When You Must Write: 11 Tips For Conquering The Blank Page
We all have to write something at some time. Everybody writes, as Ann Handley says (a book I highly recommend).
It can be a work project or a resume, a book review or a business plan. Writing is a professional skill creatives and leaders must know how to do. For many, it's a huge percentage of the job.
The most formidable part of every writing project is the beginning. The blank page and that flashing cursor, mocking you. Daring you to write anything. Telling your soul, "If anything goes on this page, it's going to be crap. Don't do it, you writer of crap."
So where do we start? Because this is important.
I don't believe writer's block isn't actually a real thing, any more than I believe plumber's block is a real thing. (Probably a bad analogy. Plumbers do unblock things. But plumbers don't get mental blocks when it comes to getting their work done.) Fear to begin is real. The key to getting a writing project finished it to get it started. To get words on the page you can eventually edit, mold, and shape into something readable. Useful. Beautiful. Entertaining. Transformative.
But we must first have something to work with.
So here are 11 tips for getting your fingers moving and words on the page.
1. Make sure the input bucket is full.
This is my number one tip for starting this year's daily blog project. When I come to a day where ideas are scarce and I'm not sure what to say, I often realize the reason for a blank mind is not because of personal zen practices. It's because of lack of input. I have a few emergency books I grab for these emergency days (things like "The Leadership Challenge", "Deep Work", "Essentialism", and "The Inspirational Writings of CS Lewis"), but best practice is a scheduled, daily regimen of input. For me, this is a balance of current events, relevant books and blogs, and fiction. Input, take notes (see below about journals and commonplace books), reflect - and you'll never be without fresh ideas to explore.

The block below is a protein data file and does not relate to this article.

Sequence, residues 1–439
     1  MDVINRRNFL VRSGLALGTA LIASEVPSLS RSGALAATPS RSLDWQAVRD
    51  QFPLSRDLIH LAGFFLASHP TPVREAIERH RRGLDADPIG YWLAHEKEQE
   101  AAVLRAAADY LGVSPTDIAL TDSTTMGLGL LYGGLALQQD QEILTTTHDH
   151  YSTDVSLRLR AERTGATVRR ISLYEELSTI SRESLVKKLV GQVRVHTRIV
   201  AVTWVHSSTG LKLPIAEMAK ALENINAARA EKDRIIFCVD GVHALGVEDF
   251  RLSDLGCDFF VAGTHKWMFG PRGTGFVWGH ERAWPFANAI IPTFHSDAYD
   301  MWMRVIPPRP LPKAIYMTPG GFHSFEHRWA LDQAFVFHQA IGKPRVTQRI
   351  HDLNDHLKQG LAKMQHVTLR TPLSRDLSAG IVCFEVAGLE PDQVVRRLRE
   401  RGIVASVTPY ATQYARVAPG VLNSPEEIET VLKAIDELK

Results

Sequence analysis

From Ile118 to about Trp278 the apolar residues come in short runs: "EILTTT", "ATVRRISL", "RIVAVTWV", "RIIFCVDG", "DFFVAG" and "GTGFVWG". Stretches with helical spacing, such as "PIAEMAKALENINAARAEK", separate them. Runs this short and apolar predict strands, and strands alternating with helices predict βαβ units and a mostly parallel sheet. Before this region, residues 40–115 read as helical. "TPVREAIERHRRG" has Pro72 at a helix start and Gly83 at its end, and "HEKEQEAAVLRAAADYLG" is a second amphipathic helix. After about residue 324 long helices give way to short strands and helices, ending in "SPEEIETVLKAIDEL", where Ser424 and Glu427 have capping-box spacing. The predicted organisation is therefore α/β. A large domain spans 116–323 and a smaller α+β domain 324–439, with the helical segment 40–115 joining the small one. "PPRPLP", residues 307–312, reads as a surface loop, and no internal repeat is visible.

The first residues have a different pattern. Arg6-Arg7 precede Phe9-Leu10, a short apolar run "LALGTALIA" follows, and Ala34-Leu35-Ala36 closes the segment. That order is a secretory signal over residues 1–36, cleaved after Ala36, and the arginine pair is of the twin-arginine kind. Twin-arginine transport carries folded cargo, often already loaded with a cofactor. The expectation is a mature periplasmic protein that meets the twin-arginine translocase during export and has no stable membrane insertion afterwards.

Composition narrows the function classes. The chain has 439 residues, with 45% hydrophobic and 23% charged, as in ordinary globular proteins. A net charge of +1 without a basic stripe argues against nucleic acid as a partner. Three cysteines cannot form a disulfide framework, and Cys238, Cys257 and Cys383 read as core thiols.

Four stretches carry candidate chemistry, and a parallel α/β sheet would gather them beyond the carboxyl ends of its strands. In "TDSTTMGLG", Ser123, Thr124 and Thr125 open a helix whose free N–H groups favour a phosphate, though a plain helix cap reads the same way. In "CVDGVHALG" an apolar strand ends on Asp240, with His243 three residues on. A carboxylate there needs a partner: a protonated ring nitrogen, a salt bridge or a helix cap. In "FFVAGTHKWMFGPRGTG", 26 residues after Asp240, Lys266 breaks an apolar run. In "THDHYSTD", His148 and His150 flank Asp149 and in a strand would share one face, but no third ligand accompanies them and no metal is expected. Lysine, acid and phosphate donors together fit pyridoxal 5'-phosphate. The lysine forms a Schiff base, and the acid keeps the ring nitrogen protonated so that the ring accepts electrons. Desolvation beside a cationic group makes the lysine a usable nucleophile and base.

2. For non-linear thinkers - Mind-map First
Actually, none of us are exclusively linear or non-linear in our thinking. We are all some combination of both. I find that I have linear and non-linear days. Not sure if that's weird or not. In any case, on non-linear days, I sometimes find mind-mapping to be a simple tool to get words on the page. This can be done digitally. I like Scapple - created by the Scrivener folks. Full disclosure, I love this company and would basically buy any product they come out with. But Scapple is completely worth spending a little cash on. There is now a version for both Mac and Windows.
I analog mind-map, as well (the reason I love Scapple is because of its analog-like versatility). I use 4x6 notecards and a designated desk for this. You can also a simple legal pad. I will write more about mind-mapping in another post.
3. For linear thinkers - Outline First
Some days, I want to get from point A to point Z in as straight of a line as possible. On such days, good, old-fashioned, outlining is the best tool. Sketching out the main talking/thinking points on a sheet of paper, or in a digital writing tool is the quickest way to move from blank-page to words-on-the-page. There are some fancy digital outlining tools available, but I've never found them to be that useful. For most of my purposes, it's using a jackhammer as a fly-swatter. I use Scrivener as an outlining tool for long-form writing (White papers, books, etc.) and my old faithful Byword for most everything else.
4. Go Analog
This is my secret weapon. If I'm completely stuck (or even a little stuck), I grab my Moleskine or a legal pad and a pen, I sit out on the back deck in the sun, and I start playing with words on pages. There is something about getting out of the digital pool and drying off in the analog world that sparks creativity and new ideas. Analog hits up other parts of the brain and often my creative neurons will fire with more clarity. The new ideas etched on physical, dead trees with black dye and thickening agents become something of a first draft. It's then simple to dive back into the digital pool for revisions. The analog world is one of the most creative places I know.
5. Free-write - as fast as you can